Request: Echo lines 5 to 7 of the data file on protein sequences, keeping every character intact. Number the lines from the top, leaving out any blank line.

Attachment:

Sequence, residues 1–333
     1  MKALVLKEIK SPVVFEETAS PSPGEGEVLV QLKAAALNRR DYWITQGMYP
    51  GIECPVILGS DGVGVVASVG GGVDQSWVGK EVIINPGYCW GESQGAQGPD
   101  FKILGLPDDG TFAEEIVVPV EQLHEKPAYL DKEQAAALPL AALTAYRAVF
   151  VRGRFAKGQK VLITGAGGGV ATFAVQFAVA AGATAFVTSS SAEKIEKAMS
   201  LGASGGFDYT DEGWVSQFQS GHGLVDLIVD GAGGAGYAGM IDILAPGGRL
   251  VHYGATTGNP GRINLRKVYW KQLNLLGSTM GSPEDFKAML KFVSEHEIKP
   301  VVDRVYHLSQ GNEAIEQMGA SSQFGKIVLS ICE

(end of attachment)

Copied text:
   151  VRGRFAKGQK VLITGAGGGV ATFAVQFAVA AGATAFVTSS SAEKIEKAMS
   201  LGASGGFDYT DEGWVSQFQS GHGLVDLIVD GAGGAGYAGM IDILAPGGRL
   251  VHYGATTGNP GRINLRKVYW KQLNLLGSTM GSPEDFKAML KFVSEHEIKP